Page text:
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General Election Night, 1983. The staff and diners at the upscale Oyster House restaurant on Jermyn Street, London, are ready for an evening of hard work and hard celebration of the Tory victory, but everything changes when two masked gunmen burst in and take them hostage in the downstairs kitchen. On the outside, the Police mobilise themselves to try and end the siege in the most peaceful way, while on the inside, the hostages realise that they are trapped with a psychopath who is armed and very dangerous.

This book is an undemanding and quick read, which starts with the onset of the siege and then alternates between the current time with the gunmen and hostages in the kitchen, and the past, where one of the gunmen’s back story is revealed in stages until we find out how he came to part of the events. We also have several chapters from the point of view of the Police – in particular that of Sergeant Willy Cosgrove, an honest man with an unusual idea of how to end the siege, and his commanding Officer Petersen, who is perhaps less honest and less bothered about a peaceful ending.

As you might expect from an author who is better known as a food critic, the action is intercut with scenes of cooking some intricate and delicious meals (which seemed slightly implausible  under the circumstances, but just believable enough not to annoy me) – if nothing else, this book has definitely made me determined to try a Rum Baba!

The story moves on at a fast pace, even allowing for the chapters set in the past, which are necessary to understand Nathan, the main hostage taker, whose story is told bit by bit. However, apart from Nathan and his lifelong friend Kingston, most of the characters weren’t that roundly developed. I don’t feel that I knew any more about the two cooks Tony and Stevie for instance by the end of the book than I did at the beginning. That said however, it didn’t detract from the enjoyment of the book.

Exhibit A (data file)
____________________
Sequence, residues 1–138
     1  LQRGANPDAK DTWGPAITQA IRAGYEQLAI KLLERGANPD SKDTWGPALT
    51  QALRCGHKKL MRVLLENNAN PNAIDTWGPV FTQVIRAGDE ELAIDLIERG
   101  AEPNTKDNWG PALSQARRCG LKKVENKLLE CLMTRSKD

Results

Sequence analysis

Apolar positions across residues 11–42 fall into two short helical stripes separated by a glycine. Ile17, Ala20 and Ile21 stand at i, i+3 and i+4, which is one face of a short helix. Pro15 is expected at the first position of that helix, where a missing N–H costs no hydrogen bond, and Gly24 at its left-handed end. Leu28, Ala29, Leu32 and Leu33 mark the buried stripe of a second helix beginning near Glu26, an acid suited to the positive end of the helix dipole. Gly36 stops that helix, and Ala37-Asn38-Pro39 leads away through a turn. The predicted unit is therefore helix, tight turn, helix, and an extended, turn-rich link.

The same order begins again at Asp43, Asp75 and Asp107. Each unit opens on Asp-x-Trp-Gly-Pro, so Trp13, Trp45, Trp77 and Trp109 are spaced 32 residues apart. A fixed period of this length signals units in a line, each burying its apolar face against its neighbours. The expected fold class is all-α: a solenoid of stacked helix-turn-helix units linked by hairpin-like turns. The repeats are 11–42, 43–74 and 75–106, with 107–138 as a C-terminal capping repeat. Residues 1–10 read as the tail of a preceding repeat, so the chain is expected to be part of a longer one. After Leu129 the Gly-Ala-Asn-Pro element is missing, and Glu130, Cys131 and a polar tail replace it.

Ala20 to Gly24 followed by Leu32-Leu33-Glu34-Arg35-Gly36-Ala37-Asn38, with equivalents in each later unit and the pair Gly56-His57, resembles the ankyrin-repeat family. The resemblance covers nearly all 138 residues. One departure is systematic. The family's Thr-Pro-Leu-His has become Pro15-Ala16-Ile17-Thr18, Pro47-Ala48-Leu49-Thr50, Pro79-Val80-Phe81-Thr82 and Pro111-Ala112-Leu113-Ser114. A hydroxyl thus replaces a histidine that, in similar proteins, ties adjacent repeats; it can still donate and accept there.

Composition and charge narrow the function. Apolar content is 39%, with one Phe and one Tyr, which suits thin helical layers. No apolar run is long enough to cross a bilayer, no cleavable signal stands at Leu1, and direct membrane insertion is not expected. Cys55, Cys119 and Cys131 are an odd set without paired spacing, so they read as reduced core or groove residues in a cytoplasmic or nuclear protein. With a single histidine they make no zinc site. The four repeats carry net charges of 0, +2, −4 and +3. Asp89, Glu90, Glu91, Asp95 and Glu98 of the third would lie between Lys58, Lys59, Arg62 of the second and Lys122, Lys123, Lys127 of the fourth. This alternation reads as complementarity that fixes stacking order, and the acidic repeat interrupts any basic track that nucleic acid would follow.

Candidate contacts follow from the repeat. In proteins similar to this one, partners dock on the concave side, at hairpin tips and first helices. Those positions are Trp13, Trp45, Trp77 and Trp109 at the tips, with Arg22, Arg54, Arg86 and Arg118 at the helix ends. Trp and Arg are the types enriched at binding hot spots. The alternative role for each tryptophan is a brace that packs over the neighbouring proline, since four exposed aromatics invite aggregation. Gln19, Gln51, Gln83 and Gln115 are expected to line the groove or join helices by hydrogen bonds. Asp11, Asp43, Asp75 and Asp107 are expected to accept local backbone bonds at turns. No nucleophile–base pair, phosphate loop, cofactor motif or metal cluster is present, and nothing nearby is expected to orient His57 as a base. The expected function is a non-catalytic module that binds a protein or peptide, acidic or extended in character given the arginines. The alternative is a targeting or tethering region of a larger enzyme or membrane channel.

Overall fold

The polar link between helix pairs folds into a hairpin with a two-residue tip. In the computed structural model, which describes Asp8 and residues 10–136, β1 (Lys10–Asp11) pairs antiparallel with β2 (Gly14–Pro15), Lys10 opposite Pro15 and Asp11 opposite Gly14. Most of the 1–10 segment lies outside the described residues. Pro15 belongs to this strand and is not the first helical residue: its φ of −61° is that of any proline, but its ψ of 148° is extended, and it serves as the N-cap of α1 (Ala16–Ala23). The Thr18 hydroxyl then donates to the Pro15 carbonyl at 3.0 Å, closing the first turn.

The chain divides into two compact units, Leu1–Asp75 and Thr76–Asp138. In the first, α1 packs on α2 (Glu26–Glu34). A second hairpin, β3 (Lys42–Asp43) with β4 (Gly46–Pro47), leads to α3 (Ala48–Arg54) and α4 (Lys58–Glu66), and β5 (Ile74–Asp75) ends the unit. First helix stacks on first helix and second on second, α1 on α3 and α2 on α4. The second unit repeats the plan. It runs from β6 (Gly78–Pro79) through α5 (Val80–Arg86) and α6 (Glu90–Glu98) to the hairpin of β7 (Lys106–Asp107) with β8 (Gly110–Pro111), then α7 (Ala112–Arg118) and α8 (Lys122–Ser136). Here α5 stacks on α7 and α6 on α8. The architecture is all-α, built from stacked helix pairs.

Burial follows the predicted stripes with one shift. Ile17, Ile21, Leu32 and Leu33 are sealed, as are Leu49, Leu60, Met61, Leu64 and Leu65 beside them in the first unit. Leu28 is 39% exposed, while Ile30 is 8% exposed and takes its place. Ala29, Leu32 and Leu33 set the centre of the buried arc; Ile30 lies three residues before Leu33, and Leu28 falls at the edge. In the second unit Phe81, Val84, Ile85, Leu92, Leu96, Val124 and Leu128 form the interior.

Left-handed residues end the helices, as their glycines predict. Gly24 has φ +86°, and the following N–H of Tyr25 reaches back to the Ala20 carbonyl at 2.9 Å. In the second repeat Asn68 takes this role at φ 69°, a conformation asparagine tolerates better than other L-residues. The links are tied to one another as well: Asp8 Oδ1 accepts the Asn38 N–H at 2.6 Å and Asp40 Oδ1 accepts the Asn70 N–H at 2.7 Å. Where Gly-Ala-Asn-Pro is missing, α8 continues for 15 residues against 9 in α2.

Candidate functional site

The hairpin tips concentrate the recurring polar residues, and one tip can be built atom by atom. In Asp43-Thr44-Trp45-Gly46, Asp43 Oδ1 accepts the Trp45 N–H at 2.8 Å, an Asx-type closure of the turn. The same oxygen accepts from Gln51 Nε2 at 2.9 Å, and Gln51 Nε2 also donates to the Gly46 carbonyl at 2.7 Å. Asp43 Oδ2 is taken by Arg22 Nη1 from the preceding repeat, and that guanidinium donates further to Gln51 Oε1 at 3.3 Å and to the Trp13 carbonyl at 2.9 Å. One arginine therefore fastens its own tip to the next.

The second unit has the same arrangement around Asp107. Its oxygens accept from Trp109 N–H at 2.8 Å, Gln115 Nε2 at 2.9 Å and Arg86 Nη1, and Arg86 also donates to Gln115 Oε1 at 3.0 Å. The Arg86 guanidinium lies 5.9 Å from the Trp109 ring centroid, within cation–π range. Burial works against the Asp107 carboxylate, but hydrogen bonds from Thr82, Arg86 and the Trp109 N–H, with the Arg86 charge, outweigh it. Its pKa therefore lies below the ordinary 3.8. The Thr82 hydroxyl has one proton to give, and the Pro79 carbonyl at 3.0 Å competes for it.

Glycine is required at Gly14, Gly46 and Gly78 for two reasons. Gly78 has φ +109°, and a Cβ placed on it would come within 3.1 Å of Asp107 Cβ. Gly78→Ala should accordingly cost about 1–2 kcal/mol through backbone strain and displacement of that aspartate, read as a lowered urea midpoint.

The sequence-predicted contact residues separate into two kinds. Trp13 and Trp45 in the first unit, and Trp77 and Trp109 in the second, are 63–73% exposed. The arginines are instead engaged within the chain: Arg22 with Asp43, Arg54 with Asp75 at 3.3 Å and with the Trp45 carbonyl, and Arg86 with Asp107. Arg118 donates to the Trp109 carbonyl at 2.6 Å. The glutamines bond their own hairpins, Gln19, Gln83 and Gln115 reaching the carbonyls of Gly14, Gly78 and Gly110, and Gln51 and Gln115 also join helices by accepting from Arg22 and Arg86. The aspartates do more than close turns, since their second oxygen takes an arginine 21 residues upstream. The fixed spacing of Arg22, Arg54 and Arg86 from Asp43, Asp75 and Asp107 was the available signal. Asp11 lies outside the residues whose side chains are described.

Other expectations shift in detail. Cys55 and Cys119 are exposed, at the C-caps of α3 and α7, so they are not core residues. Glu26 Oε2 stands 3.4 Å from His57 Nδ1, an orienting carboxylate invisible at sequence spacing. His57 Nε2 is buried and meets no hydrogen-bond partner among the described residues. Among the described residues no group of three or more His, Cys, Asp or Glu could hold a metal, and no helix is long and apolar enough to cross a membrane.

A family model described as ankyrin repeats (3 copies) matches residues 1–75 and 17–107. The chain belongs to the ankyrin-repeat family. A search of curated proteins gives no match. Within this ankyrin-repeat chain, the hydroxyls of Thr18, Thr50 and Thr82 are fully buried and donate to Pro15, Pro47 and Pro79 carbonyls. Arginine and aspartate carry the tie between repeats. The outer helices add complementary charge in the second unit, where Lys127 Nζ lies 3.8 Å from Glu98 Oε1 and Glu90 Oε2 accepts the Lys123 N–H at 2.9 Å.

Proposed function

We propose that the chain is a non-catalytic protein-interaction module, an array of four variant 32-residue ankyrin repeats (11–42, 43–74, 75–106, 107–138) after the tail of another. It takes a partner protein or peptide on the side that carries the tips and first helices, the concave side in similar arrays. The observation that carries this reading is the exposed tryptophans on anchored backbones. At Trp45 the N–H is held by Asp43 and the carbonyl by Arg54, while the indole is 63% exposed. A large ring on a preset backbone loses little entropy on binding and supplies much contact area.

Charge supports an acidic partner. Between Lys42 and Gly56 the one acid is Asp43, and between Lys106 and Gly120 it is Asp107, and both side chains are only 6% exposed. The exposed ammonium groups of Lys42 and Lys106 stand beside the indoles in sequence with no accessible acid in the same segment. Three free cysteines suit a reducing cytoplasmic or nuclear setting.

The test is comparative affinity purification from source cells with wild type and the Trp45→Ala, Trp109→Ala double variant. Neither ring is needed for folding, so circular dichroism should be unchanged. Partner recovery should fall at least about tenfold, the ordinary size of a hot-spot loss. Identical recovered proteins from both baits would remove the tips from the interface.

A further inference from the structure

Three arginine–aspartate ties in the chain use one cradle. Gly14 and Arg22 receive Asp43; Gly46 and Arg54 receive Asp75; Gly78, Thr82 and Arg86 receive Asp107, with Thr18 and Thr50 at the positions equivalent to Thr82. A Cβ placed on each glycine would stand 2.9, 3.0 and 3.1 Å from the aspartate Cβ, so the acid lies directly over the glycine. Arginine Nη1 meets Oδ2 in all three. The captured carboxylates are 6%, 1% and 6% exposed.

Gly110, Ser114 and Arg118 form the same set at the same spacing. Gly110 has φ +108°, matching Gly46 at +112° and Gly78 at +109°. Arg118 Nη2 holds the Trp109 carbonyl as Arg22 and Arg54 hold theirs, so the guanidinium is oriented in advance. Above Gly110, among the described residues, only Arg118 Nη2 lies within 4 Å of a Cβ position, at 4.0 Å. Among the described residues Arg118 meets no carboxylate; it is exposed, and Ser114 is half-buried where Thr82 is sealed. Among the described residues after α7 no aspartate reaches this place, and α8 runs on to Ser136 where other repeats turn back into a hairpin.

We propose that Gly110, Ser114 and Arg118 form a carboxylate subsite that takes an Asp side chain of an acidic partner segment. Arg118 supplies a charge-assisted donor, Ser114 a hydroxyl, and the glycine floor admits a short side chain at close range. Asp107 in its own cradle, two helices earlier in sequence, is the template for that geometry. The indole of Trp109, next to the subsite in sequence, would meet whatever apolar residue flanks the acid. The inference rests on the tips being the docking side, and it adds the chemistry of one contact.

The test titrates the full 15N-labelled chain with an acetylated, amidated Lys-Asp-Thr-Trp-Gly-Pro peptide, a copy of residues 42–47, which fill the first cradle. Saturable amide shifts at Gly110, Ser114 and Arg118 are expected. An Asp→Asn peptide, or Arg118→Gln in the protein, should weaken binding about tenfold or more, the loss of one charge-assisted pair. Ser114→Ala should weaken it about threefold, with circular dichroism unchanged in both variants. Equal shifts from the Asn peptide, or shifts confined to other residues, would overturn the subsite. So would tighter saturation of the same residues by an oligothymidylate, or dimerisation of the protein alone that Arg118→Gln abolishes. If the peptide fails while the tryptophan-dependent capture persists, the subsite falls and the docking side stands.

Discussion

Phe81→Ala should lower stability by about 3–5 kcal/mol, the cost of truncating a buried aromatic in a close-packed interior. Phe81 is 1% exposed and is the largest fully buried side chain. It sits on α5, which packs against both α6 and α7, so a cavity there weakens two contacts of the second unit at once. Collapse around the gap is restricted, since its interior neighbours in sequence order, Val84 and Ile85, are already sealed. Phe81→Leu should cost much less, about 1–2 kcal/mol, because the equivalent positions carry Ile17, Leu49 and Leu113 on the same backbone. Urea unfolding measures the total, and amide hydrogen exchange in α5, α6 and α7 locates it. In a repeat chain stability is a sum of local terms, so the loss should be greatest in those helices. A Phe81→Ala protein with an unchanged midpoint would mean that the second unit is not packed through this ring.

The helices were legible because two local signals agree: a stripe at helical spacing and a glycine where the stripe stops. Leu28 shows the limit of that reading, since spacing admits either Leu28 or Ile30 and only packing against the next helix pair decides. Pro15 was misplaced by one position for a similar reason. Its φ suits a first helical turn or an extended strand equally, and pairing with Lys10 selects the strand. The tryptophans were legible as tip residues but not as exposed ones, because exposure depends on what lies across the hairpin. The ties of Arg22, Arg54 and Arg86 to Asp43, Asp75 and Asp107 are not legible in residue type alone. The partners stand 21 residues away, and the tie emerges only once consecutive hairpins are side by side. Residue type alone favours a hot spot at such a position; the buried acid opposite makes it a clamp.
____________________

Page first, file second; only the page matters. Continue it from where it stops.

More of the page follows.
I’m not sure how I feel about the ending, but I won’t post any spoilers here; what I will say is that while I’m not sure I liked it, I definitely wasn’t expecting it, so that’s a good thing.

Overall, I think I probably would read more by Jay Rayner in future, and would probably recommend this novel to fans of thrillers and very dark humour.

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An unnamed Latin American country is holding an international gathering, in the hope of securing trade with a rich Japanese businessman, who has only attended because his favourite opera singer is performing there.  However, shortly after her performance, terrorists storm the house, but are disappointed when their intended target – the President of the country – is revealed not to be present.  They take everybody there hostage, and a siege situation develops, which lasts four and a half months.  Over this time, the hostages and terrorists become accustomed to one another and form friendships – two couples fall in love – and many people on both sides find out things about themselves that they never realised.

I really enjoyed this book, despite the fact that I found the behaviour of almost all of the characters to be unbelievable.  However, for the most part, their actions take second place to the development of the characters, who are revealed bit by bit, so that in the end, we feel like we know most, if not all of them, very well.  The book treats hostages and terrorists with the same sympathy.

The situations which develop seem to be a highly unlikely scenario, but it is interesting to see how people’s personalities and priorities developed in the isolated situation they found themselves in.

The writing is beautiful and poetic – sometimes too much so; I felt that at times, the story got bogged down in too much unnecessary description.  However, those times were few and far between, and for the most part, it was a pleasure to read.

Overall, I would say that if you are looking for a realistic book about a hostage situation, then this might not be the one for you.  But if you are willing to suspend your credibility a little, and enjoy eloquent writing, I would recommend it.  I am certainly considering seeking out more by this author.

(Author’s website can be found here.)

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